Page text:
On the whole, then, HP and Dell might be advancing a spurious argument about remaining in the PC business because it confers savings on the purchase of components that can used in servers.
Diagnosing the Addiction
If so, then, why would HP and Dell remain in the PC game? Well, the answer is right there on the balance sheets of both companies. Despite attempts at diversification, and despite initiatives to transform into the next IBM, each company still has a revenue reliance on — perhaps even an addiction to — PCs.
According to calculations by Sterne Agee analyst Shaw Wu, about 70 to 75 percent of Dell revenue is connected to the sale of PCs. (Dell derived about 43 percent of its revenue directly from PCs in its most recent quarter.) In relative terms, HP’s revenue reliance on PCs is not as great — about 30% of direct revenue — but, when one considers the relationship between PCs and related related peripherals, including printers, the company’s PC exposure is considerable.
If either company were to exit the PC business, shareholders would react adversely. The departure from the PC business would leave a gaping revenue hole that would not be easy to fill. Yes, relative margins and profitability should improve, but at the cost of much lower channel and revenue profiles. Then there is the question of whether a serious strategic realignment would actually be successful. There’s risk in letting go of a bird in hand for one that’s not sure to be caught in the bush.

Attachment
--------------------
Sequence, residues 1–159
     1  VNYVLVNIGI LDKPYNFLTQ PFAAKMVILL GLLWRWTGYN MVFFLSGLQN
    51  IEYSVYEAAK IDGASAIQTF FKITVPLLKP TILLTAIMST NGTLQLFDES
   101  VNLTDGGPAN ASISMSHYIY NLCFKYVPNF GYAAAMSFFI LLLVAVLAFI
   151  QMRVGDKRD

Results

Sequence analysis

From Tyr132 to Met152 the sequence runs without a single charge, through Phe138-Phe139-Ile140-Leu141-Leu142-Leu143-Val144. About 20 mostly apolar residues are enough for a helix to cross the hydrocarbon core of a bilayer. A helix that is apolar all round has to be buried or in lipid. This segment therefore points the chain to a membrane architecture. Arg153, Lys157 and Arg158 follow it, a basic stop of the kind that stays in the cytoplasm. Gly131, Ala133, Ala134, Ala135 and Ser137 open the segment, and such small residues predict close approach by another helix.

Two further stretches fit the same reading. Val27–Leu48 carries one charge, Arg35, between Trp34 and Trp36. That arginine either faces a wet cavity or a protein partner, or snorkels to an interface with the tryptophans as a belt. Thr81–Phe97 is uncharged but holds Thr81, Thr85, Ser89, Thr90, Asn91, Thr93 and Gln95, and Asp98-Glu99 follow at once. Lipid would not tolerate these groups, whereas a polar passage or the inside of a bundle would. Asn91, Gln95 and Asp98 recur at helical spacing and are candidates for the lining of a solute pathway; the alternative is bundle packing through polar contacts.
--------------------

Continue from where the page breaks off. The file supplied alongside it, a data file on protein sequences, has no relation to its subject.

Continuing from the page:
ODMs Squeeze Servers, Too
Let’s put aside, at least for this post, the question of whether it’s good strategy for Dell and HP to place so much emphasis on their server businesses. We know that the server business faces high-end disruption from ODMs, which increasingly offer hardware directly to large customers such as cloud service providers, oil-and-gas firms, and major government agencies. The OEM (or vanity) server vendors still have the vast majority of their enterprise customers as buyers, but it’s fair to wonder about the long-term viability of that market, too.
As ODMs take on more of the R&D and design associated with server-hardware production, they must question just how much value the vanity OEM vendors are bringing to customers. I think the customers and vendors themselves are asking the same questions, because we’re now seeing a concerted effort in the server space by vendors such as Dell and HP to differentiate “above the board” with software and system innovations.
Can HP really become a dominant purveyor of software and services to enterprises and cloud service providers? Can Dell be successful as a major player in the data center? Both companies would like to think that they can achieve those objectives, but it remains to be seen whether they have the courage of their convictions. Would they bet the business on such strategic shifts?
Aye, there’s the rub. Each is holding onto a commoditized, low-margin PC business not because they like being there, but because they’re afraid of being somewhere else.